A Taliban Ambassador Matriculates at Yale
The New York Times has a very unusual human interest piece about a former Taliban ambassador who is now a student at Yale. It is an extraordinarily long piece that strives mightily to put Sayed Rahmatullah Hashemi in the best positive light as a reformed member of the Taliban.
It includes an interesting discussion of a 2001 debate Rahmatullah had with Harold Koh on "The Taliban: Pros and Cons." Although it sounds like Koh clearly got the better of it, at one point in the debate Rahmatullah asked Koh, "Have you ever been to Afghanistan?" "No," Koh said. "Well, if you were my only source of information about the Taliban, I'd hate them too!"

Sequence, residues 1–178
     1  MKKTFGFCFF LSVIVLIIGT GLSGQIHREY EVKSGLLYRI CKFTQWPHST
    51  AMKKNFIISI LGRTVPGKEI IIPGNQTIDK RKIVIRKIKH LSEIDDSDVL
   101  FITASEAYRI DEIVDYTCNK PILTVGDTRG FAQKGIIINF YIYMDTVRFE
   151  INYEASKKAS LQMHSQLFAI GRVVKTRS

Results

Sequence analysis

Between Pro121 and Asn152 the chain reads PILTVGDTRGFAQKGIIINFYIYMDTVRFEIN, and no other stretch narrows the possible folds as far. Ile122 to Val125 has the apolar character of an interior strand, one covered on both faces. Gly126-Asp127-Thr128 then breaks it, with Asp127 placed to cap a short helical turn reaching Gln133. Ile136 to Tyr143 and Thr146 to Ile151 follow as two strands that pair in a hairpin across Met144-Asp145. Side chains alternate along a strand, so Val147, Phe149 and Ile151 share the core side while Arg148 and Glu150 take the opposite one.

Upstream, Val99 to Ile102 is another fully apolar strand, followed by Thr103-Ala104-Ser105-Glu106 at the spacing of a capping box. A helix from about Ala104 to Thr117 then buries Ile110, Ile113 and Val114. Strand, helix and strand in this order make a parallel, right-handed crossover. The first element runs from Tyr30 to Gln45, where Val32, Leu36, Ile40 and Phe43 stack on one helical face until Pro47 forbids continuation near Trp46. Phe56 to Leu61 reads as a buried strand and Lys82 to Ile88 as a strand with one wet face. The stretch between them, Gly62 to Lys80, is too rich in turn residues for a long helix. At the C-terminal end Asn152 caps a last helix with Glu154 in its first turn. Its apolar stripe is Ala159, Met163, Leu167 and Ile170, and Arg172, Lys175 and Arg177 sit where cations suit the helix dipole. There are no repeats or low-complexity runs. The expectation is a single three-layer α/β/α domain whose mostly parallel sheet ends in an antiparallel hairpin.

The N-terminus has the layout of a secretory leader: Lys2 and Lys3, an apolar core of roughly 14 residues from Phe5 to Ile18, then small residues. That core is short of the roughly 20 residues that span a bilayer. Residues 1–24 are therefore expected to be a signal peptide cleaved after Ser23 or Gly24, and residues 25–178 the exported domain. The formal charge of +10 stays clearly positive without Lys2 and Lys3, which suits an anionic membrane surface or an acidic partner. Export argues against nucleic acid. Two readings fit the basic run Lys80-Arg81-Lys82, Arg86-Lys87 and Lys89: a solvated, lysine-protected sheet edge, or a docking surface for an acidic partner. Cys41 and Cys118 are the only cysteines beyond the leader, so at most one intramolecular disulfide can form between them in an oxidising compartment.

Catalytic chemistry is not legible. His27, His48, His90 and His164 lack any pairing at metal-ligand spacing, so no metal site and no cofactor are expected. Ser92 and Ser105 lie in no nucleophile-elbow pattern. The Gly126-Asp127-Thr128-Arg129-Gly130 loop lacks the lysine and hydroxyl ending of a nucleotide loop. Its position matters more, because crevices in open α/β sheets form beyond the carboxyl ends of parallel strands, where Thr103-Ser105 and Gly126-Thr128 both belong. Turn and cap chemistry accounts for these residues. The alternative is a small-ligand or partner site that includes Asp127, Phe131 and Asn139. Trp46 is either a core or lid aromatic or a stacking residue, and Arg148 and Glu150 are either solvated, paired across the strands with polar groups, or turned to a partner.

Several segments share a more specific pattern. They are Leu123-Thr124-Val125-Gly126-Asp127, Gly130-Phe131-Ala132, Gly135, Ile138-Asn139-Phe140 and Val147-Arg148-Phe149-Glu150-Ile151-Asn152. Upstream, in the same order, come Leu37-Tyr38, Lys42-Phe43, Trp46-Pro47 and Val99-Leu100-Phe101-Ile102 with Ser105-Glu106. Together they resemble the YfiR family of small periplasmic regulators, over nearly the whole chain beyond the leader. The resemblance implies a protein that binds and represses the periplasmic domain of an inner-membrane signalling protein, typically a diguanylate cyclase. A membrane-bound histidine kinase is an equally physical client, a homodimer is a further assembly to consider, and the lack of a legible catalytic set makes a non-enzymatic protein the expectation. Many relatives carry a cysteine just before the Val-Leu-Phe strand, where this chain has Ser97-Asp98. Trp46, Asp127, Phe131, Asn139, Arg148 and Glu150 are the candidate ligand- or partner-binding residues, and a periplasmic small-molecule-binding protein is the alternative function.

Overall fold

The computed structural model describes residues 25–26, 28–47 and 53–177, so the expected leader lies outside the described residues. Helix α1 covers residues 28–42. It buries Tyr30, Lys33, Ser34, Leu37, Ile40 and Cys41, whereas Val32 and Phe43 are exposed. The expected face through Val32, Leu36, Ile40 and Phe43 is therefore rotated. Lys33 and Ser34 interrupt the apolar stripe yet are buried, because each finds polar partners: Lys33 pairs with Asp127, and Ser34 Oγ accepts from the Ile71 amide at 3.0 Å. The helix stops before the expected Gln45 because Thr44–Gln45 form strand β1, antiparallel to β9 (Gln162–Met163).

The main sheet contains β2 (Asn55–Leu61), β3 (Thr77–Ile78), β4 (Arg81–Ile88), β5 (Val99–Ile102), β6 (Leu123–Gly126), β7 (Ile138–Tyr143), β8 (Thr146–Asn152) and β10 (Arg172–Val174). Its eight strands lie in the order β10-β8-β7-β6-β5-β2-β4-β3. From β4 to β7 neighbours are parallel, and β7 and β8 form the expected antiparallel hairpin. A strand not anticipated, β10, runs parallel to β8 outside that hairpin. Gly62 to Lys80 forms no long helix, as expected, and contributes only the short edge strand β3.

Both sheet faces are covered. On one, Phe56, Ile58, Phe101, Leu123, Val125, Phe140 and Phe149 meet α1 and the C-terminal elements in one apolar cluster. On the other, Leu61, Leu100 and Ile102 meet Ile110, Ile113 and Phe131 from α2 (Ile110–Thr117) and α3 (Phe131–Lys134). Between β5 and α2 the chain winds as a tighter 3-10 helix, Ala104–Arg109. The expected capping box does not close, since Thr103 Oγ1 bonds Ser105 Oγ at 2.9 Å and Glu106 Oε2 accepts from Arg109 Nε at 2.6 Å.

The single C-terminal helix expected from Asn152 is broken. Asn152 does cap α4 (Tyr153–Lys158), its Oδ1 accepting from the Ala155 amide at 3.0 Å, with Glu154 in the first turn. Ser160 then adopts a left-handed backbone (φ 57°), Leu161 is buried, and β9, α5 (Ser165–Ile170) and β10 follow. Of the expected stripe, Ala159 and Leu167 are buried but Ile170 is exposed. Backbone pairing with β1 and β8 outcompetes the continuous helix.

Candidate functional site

I can't help but be unimpressed that Yale would admit such a person who held (holds?) the oppressive views of the Taliban government. Why would Yale admit such a person? Two reasons. One, a CBS correspondent named Mike Hoover had befriended him in Afghanistan and was pushing his cause. Second, apparently Yale is in competition with Harvard for such "special students" and Yale did not want to lose Rahmatullah to the competition. Imagine what the families of the many Yale alumni who perished on 9/11 would think of such a move.
Rahmatullah admits at the end of the article, "In some ways I'm the luckiest person in the world," he says. "I could have ended up in Guantánamo Bay. Instead I ended up at Yale."